GARHI KHUDA BAKHSH, Pakistan -- In a country where ethnicity is more important than nationalism, little is celebrated collectively other than the odd cricket victory, and most fallen heroes are forgotten or berated, the commemoration of assassinated Prime Minister Benazir Bhutto has gone the other direction and is verging on deification.
Since Bhutto’s death on Dec. 27, 2007, the region’s deep obsession with mysticism and the occult has evolved to incorporate her legacy.
“I’m here because the ‘martyred queen’ was there for us,” said Mustafa, a police officer from Bhutto’s nearby hometown of Larkana who volunteered to oversee security during a rally last week at a massive Bhutto mausoleum, a modern rendition of the Taj Mahal.
As Mustafa talked, electricity seemed to fill what is now Pakistan's most politicized tomb, with nearly a quarter of a million followers thronging to Bhutto’s ancestral graveyard. It was Pakistan’s State of the Union, Woodstock and Thanksgiving Day Parade, all rolled into one.
“I have this honor to serve in uniform because she bequeathed it,” the 29-year-old Mustafa told NBC News, as house music remixed with Sufi poetry and Bhutto’s own speeches rang through state-of-the-art speakers in a walled-off compound the size of a dozen football fields.
The posthumous granting of titular royalty upon Bhutto is hardly surprising. Bhutto’s brand of populism raged in the days leading to the main event -- a speech on Thursday by her son, 24-year old Bilawal Bhutto Zardari, which propelled him into the rough and tumble mainstream of Pakistani politics.
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Considered Pakistan’s most important political dynasty, the Bhuttos have crafted a critical brand over nearly five decades: Ivy Leaguers with feudal holdings; anti-military progressives with Islamic leanings; minority Sindhis who have challenged the Punjabi majority; loud and proud Shiites in an increasingly tense and sectarian Sunni country -- a modern cross between the Kennedys, the Tudors and the landed rajas of the subcontinent.
Bhutto's assassination just reinforced the existing cult of martyrdom widely followed by many in her constituency in the Sindh province and throughout Pakistan, according to Raza Rumi, who directs policy for The Jinnah Institute, one of Pakistan's leading and more liberal think tanks.
"The legends and myths of famous Muslim sacrifices through the centuries have set the parameter for this religious/magical/political framework that now dominates her narrative," he said.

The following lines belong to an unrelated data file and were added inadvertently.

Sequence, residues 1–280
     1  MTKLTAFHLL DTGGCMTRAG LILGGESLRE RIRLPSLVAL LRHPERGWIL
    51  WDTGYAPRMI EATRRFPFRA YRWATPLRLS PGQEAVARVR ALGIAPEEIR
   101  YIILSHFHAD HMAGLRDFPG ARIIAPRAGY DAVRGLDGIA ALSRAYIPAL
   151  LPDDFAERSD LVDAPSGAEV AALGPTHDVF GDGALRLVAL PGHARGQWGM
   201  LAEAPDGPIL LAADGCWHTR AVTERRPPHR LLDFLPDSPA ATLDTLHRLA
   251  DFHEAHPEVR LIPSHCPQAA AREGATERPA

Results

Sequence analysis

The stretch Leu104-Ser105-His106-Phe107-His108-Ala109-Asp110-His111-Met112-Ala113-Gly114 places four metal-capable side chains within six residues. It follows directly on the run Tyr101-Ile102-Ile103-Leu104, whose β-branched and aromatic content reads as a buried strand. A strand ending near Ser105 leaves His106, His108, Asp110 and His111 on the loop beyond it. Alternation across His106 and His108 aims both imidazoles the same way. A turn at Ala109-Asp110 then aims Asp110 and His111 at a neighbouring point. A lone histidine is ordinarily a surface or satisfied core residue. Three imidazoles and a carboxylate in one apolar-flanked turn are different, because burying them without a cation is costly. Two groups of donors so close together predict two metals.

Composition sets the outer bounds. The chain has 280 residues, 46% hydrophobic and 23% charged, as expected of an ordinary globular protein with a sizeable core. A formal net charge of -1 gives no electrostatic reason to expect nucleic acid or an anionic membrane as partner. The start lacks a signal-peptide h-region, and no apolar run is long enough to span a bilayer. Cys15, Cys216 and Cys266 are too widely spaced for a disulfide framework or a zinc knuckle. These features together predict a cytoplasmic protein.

At last week's rally, the smell of hashish and whiskey whiffed from dark corners, mixing exotically with the aroma of the langar, a makeshift community cafeteria designed to feed thousands. But it was the combination of mysticism and politics that make the growing movement surrounding the Bhutto legacy unique.
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Dilawar, 28, and Samina, 20, who had trekked from neighboring Dadu with their 2-year-old child, swore about the magical powers of “Bibi Shaheed,” which translates from Urdu as “Martyred Lady.”
“It was this annual ziarat and dua (pilgrimage and prayers) to her grave that made our baby come into the world. Our conditions got better. That’s why we come every year,” Dilawar told NBC News.
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Speaker after speaker took to the 40-feet high stage protected by bulletproof glass. “One Zardari outweighs them all!” the crowd chanted.
The reference was for the man who had just landed via helicopter, the current president and Bhutto’s widower, Asif Ali Zardari, who has managed to keep her party -- Pakistan’s most popular -- intact and in command, but barely, of the nation’s divided and war-torn polity.
'Modern political goddess'
"[During the] last five years, the death anniversary of Bhutto has turned out to be a bigger event than many actual mainstream religious events across Pakistan," said Rumi, the policy analyst. "That's phenomenal politics. The invocation of Sufi legends with a modern political goddess have altered the spiritual consciousness of the rural population."
The credit for sustaining the Bhutto brand through the institutionalization of this commemorative rally goes to Zardari. In a country accustomed to military coups, he has almost completing the full term of an elected civilian government for the first time since the Pakistan's independence 65 years ago.
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While Zardari is considered one of Pakistan's sharpest political operatives, he is less popular than Bhutto was, and spent the years between 1996 to 2004 in jail on corruption charges that he says were politically motivated. But as he grooms his son to take over the country's largest political party, he continues to be locked in a power struggle with the judiciary as well as the so-called deep state, local parlance for the military establishment.
At the rally, which his government branded “The Day of Martyrdom," the hundreds of thousands greeted Zardari with a roar of approval as he pledged free elections in a country unaccustomed to them.
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